Well, that was unexpected.

Posted by Steve

The Brewers are the center of the baseball world today, with Prince Fielder winning All-Star MVP and the shocker of acquiring Francisco Rodriguez late last night.

Relief pitching is not the Brewers’ biggest area of need, but from the sounds of things, this is something that fell into Doug Melvin’s lap and was too good to pass up. The Brewers send two players to be named later (PTBNL) and get some cash (amount unknown at this time) in return.

I wouldn’t expect those PTBNLs to be anyone of significance. The reasoning is actually a bit complicated.

K-Rod has a whopping $17.5 million option that kicks in next year if he finishes 55 games. He has already finished 34 games. K-Rod is still a solid reliever, but he isn’t nearly as dominant as he was a few years ago. In other words, nobody wants to pay him $17.5 mil next year.

The Mets had to trade K-Rod. Their financial woes are well documented, but they couldn’t simply remove him from the closer’s role when he was having success. The union would have cried foul, and K-Rod probably would have won an appeal.

So not only did the Mets have to trade him, but they needed to trade him somewhere that he A) didn’t have on his 10-team no-trade list, and B) had an established closer in place so they could justify not using K-Rod to finish games.

Pretty tricky, huh? Suddenly the Brewers look like one of the only teams who could have taken him. This is why the Mets were backed into a corner and were obviously eager to deal him as soon as they could.

One thing I’m unclear on is his free agent status. If K-Rod is a Type A and the Brewers can offer him arbitration and get comp picks for him, this is potentially a steal. However, I’m unclear if this is possible once they buy him out after this season. I’ve found conflicting reports on this, although MLB Trade Rumors has him as a Type A.

So… All business stuff aside, how’s this trade for the Brewers?

The only way it’s bad is if the amount of money they’re spending on K-Rod prevents them from upgrading shortstop. Shortstop is a much, much bigger priority than bullpen help, and I will be furious if they don’t address it. I don’t believe this move prevents it, though. The Mets are contributing some money for this season, because their main concern was the option for next year. Therefore, I don’t think the Brewers took on a large financial burden here.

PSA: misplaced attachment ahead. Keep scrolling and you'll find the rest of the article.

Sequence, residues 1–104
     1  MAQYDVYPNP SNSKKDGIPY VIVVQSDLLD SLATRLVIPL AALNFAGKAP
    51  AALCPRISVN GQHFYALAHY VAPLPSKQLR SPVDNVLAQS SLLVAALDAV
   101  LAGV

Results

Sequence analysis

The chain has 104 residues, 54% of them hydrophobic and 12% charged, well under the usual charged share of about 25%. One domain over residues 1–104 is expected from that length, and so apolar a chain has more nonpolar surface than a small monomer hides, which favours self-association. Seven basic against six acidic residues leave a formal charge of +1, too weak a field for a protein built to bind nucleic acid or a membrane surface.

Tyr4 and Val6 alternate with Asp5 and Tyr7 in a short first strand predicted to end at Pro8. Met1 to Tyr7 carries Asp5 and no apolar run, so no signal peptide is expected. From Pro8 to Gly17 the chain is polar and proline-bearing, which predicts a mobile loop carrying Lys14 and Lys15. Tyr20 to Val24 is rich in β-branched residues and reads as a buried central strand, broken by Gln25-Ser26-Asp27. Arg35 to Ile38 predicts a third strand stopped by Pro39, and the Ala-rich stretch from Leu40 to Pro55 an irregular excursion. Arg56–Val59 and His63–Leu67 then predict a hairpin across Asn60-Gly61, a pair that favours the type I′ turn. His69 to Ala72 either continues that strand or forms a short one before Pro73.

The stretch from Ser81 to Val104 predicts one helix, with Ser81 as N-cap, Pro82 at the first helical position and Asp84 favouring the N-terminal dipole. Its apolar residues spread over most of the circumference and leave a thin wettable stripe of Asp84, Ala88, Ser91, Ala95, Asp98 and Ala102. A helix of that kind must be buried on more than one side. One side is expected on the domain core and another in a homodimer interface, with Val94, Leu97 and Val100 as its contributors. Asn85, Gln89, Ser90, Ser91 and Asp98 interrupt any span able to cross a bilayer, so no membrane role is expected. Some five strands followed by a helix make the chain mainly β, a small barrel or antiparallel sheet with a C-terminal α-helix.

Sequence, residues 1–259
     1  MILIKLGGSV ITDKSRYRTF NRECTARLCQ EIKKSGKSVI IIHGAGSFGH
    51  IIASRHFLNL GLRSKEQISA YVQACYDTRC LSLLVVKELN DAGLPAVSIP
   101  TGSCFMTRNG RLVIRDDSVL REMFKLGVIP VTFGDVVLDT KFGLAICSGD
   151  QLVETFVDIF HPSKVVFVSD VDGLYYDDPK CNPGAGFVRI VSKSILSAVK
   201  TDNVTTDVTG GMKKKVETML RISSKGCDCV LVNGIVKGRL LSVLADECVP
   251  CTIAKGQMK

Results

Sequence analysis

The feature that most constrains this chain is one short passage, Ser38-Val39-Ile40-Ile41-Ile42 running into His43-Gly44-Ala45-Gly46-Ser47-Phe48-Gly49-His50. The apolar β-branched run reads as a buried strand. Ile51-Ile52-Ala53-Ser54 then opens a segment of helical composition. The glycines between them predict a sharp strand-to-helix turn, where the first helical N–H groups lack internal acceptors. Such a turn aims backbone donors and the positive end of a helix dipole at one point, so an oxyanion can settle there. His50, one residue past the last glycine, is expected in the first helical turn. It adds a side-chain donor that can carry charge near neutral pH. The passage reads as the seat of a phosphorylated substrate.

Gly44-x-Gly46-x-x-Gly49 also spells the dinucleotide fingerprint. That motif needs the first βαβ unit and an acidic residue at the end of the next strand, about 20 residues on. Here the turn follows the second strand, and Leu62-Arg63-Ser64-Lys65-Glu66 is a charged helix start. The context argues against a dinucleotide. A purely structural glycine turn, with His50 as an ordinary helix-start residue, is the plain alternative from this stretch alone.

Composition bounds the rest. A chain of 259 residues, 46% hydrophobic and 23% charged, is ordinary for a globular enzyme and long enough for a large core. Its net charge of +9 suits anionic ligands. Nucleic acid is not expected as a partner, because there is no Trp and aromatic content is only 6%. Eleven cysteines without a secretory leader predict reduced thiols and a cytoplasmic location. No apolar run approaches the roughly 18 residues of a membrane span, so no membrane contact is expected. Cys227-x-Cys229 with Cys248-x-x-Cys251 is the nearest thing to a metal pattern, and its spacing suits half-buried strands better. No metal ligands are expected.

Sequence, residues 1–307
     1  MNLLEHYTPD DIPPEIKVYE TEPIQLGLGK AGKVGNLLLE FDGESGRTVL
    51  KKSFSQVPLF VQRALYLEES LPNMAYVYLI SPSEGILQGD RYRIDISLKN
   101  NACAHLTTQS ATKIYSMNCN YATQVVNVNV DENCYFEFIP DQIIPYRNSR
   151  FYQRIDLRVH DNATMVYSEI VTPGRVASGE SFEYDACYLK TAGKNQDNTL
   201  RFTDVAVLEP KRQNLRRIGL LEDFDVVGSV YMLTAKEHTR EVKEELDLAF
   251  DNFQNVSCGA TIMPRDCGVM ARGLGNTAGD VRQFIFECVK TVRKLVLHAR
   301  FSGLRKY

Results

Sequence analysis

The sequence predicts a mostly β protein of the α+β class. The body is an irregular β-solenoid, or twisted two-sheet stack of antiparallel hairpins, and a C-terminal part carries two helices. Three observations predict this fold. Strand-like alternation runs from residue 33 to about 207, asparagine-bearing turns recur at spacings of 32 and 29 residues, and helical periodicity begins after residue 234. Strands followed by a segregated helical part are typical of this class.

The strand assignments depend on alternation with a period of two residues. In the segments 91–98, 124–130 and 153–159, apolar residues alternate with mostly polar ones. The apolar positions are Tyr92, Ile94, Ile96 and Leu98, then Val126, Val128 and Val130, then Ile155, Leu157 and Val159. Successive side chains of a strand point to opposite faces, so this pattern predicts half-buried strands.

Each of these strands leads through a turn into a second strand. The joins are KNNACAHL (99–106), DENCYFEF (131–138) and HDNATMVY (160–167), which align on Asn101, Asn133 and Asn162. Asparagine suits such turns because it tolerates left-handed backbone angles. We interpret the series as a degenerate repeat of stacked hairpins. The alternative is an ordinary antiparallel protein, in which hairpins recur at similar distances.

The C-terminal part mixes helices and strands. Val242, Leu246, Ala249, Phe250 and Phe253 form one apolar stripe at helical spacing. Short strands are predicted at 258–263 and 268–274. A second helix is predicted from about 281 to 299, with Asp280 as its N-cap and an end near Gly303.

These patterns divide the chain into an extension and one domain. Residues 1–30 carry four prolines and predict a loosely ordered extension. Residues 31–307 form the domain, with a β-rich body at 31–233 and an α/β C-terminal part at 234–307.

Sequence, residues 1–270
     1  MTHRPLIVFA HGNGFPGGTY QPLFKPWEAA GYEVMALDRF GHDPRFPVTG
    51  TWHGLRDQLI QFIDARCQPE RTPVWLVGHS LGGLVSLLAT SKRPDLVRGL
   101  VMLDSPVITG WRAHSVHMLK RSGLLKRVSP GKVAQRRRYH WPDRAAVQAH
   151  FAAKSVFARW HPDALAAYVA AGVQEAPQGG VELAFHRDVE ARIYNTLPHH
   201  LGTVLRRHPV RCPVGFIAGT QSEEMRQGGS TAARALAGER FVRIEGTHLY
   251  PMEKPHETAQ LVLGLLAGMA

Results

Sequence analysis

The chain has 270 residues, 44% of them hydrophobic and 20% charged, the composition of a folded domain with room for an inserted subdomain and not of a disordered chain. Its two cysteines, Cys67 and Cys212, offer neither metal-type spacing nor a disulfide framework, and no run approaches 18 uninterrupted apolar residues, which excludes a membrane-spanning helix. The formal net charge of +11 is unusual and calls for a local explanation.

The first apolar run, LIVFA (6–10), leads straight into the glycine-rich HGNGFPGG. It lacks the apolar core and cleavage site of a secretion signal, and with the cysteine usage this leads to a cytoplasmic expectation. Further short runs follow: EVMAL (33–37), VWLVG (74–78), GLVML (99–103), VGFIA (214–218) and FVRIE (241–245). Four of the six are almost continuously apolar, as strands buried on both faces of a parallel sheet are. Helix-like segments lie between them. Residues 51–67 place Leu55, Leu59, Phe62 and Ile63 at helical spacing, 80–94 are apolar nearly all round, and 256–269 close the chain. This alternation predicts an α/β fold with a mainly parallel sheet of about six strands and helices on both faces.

There won’t be a closer controversy or anything. Axford has been outstanding, and they won’t let K-Rod get near that 55 mark. I’m sure he’ll notch a few saves the rest of the way if Axford is overworked, but nothing crazy. As Doug Melvin said, this was just a way to add a quality reliever.

This does give Roenicke, who has shown signs of much better bullpen management in recent games, another weapon to play with. You’d think he’ll use K-Rod as his “eighth-inning guy,” but at least that’s a much better option than just Kameron Loe (by the way, see how effective Loe can be when used effectively, as in only against righties?).

With the additions of K-Rod and Saito the rest of the way, the bullpen should be an area of strength. Doug got a good move out of the way early, and this should give him plenty of time to address priority number one: a new shortstop.

Oh, and the most underrated part of this trade? That $17.5 million option should keep K-Rod from celebrating like an idiot. He can’t celebrate a save when he’s not closing, right?


4 responses to “Well, that was unexpected.

  1. He will still celebrate like an idiot. Of that you can be certain.

  2. I see no way in which they can chance offering him arbitration. If he accepts they could be on the hook for a massive contract.

  3. It is a gamble, but I think I’d do it. It seems like K-Rod has been around forever, but he’s still only 29. He recently hired Scott Boras. When has Boras allowed a client to accept arbitration over hitting free agency? At 29, he can still get a multi-year deal somewhere to close.

    Worst case scenario, he accepts arbitration for around $12 million, and the Brewers trade him to anyone willing to take on a one-year contract.

    With picks from Fielder and Rodriguez, the Brewers would have a second straight year with a wealth of draft picks to replenish the system.

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